Archive for July, 2008

Some hints in setting up a Windows 2003 Server

I’m a technology person, software engineer actually, for a small business. We ran Windows NT up until recently. The need to upgrade was based more on our old hardware. In any case, I thought I would share my experience in hopes of helping others in a similar situation.

The goal was to run Windows 2003 Server on our LAN to offer file sharing, printer sharing, and authentication (for logging in from any PC) for a small number of PCs in our office. Our LAN is behind a DSL router and a LinkSys router (see image below). The LinkSys router provides NAT, so all PCs connected to it share one IP address.

We also used Windows 2003’s DHCP and DNS and will explain why. Note that this server was not used to provide email (Exchange) or any web services. VPN access was provided, on a separate server, and that will be discussed.

I experimented with installing Windows 2003 Server several times. So I became familar with many options, although I did not try every thing possible. At first it didn’t seem very easy to set things up. But after I was successful, I think the installation is actually easier than the documentation and wizards indicate.

I started with the goal of moving our NT Domain to an Active Directory based domain. There was a new server for the new domain, so the old domain was kept running. Users were moved, one by one, to the new domain – after the new domain was setup.

Domain Controller

The first thing to note is that the Manage Your Server tool is quite useful. After installing Windows 2003 (and the service packs), you are greeted with a Manage Your Server application when you log in. Up to this point, Windows 2003 is running, but no services (called “roles”) have been installed. I installed everything from this tool. In some cases I would uninstall (remove a role) and then reinstall to try again. The tools also indicates when prerequiste services are needed and offers to install them.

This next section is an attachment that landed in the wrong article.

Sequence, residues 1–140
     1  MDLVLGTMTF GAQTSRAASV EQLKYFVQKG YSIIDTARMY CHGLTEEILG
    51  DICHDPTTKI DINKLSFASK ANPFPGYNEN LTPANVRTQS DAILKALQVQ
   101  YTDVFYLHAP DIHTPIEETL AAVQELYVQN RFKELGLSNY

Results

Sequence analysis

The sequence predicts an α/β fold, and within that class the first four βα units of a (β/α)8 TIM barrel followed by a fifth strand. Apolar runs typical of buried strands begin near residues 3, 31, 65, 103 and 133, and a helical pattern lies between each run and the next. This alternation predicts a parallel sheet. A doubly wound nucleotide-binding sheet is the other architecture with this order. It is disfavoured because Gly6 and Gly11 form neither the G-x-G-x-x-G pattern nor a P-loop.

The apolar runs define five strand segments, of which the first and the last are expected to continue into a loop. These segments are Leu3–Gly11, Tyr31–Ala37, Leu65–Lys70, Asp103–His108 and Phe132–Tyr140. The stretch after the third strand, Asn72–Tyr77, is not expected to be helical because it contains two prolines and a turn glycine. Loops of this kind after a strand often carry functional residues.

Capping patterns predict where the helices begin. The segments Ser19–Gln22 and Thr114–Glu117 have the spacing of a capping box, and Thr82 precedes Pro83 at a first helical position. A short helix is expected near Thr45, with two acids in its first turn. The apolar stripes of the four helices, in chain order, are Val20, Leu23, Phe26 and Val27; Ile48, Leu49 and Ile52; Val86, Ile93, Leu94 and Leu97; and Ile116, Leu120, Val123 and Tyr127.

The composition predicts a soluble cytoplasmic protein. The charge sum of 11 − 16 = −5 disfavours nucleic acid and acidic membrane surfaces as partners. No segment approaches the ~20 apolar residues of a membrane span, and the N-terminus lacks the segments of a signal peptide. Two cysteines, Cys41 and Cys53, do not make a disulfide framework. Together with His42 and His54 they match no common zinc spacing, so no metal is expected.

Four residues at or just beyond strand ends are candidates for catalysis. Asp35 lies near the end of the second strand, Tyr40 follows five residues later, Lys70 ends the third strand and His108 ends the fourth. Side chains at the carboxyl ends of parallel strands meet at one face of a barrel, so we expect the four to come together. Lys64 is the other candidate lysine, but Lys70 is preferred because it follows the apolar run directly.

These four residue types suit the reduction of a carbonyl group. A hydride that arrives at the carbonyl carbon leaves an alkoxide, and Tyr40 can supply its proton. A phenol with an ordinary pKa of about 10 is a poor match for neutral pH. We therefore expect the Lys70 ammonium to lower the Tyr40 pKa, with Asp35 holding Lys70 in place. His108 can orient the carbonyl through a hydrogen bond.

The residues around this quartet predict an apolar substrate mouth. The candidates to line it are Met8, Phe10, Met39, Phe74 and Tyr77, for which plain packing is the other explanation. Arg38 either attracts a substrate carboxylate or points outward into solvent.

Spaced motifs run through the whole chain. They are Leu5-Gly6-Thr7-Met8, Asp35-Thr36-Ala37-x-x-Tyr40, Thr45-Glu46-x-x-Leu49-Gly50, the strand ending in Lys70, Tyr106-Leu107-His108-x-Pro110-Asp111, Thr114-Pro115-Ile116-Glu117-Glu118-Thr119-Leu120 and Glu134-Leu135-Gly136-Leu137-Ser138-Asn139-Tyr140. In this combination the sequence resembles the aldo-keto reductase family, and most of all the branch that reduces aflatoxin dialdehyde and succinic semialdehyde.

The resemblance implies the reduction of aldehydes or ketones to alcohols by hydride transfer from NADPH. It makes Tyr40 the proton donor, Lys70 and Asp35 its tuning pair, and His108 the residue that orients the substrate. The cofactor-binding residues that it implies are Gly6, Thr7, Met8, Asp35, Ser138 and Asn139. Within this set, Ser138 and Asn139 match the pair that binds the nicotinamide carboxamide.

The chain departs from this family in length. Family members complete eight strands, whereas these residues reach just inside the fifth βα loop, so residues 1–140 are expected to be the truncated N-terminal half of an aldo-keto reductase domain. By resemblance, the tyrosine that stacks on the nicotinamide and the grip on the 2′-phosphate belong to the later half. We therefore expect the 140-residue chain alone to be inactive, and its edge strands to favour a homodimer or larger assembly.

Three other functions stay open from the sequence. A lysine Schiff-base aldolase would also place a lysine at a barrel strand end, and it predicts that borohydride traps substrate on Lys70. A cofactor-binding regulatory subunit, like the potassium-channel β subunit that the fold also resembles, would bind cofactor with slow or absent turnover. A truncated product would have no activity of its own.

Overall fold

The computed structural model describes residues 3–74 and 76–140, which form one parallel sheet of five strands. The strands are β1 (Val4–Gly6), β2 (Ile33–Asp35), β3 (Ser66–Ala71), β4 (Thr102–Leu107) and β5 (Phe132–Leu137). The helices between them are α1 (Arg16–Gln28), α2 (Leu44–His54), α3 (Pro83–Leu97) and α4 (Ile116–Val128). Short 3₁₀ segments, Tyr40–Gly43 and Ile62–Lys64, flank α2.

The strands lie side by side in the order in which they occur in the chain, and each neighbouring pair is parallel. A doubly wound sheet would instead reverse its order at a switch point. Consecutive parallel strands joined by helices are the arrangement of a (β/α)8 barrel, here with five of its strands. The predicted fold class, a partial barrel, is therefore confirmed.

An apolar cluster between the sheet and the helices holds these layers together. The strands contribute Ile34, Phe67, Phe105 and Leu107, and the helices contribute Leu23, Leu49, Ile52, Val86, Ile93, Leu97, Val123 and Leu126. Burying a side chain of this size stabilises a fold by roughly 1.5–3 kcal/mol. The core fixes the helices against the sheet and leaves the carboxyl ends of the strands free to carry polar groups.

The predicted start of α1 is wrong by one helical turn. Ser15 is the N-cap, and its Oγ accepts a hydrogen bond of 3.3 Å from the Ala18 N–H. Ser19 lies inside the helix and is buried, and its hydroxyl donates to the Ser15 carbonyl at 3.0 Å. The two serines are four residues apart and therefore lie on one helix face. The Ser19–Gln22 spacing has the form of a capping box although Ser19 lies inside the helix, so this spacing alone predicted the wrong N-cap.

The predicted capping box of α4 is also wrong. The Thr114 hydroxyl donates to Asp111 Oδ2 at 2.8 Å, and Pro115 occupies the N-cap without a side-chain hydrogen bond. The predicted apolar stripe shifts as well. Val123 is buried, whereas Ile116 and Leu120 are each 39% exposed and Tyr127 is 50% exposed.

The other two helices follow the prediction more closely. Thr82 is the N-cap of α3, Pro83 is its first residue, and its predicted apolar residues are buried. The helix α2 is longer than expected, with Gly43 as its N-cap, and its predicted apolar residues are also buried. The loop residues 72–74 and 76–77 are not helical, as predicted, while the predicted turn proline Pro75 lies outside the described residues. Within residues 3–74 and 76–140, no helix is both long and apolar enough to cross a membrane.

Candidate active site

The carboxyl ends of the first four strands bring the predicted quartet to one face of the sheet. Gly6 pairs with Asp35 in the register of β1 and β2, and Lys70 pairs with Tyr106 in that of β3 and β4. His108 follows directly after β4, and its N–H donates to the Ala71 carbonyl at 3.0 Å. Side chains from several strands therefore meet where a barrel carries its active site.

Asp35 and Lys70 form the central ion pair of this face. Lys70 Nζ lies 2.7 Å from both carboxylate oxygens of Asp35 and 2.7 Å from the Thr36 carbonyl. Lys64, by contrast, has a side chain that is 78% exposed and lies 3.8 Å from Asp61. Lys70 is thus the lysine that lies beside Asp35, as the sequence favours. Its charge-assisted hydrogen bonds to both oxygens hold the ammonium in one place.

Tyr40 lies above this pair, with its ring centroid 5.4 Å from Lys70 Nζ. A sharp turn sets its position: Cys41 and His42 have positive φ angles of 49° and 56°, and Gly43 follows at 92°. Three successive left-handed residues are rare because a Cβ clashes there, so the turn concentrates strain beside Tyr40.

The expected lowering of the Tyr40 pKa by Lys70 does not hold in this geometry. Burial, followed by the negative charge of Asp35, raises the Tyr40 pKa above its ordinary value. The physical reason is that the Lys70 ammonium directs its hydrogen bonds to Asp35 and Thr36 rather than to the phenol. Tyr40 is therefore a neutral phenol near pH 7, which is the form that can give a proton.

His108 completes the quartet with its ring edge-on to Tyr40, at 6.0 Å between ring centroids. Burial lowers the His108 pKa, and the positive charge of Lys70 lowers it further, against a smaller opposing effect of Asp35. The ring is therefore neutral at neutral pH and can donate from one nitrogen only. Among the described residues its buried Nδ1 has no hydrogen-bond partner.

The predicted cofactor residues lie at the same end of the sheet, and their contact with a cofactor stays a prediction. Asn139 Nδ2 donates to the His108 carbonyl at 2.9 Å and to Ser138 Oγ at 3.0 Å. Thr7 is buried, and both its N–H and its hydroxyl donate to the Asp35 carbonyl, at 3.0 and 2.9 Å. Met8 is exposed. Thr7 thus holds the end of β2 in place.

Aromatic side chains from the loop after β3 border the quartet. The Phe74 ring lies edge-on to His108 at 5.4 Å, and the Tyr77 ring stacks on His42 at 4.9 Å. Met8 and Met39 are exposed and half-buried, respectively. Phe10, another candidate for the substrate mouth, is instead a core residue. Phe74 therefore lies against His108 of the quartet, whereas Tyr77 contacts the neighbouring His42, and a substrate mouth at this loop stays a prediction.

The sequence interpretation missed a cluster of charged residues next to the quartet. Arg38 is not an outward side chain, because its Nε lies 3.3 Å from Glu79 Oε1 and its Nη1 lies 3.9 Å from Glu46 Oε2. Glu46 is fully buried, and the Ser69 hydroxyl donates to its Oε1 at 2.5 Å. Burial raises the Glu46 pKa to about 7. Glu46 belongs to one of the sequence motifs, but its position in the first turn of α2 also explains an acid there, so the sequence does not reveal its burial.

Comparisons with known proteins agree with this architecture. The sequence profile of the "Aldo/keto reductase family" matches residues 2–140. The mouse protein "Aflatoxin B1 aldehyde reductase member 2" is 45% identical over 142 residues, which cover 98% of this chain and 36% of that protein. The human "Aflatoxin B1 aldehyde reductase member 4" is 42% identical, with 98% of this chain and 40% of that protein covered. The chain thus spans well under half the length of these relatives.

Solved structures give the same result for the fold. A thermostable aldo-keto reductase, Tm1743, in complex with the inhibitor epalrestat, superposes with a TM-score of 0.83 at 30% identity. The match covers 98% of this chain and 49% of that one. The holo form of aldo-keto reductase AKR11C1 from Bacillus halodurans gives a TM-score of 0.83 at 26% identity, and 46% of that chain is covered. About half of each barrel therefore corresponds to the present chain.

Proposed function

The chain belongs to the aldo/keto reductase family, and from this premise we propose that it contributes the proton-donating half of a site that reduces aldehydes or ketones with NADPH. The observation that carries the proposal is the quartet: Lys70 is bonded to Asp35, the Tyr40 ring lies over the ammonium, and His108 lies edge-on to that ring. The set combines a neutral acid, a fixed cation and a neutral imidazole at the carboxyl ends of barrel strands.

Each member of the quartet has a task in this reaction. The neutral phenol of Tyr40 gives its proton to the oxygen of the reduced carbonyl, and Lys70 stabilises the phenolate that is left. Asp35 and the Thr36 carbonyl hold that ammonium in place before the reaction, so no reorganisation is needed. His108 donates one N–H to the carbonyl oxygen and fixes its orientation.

NOTE: Manage Your Server provides an option to setup a server in typical fasion. I didn’t try this. It may work well, in which case the following description may be rendered less useful. I had a pretty good idea of what we needed and wanted to install just the required components.

The DNS Server should be the first thing installed. When trying to install some other services (like Active Directory) a notification that DNS is required appears. DNS is used to identify PCs on your LAN. With Windows NT, WINS performed some of this function (note there is a WINS server in Windows 2003, but DNS is really required). For a small organization DNS can be setup to provide name resolution for internal resources. For external resources (ex. DNS defers to the ISP’s DNS. After installing DNS, the only thing really needed is to setup: the forwarders. These tell DNS where your ISP’s DNS servers are so that all external lookups can be performed there (see image).

Next, DHCP was installed. It is recommended to use Windows 2003’s DHCP instead of the router’s DHCP. I turned off the LinkSys router’s DHCP.

The install is pretty straight forward. But I couldn’t get client PCs to pickup some of the typical settings, such as default gateway (from the router) and WINS server. That is when I realized these are provided by the DHCP server. These items needed to be added to DHCP’s Server Options (see image).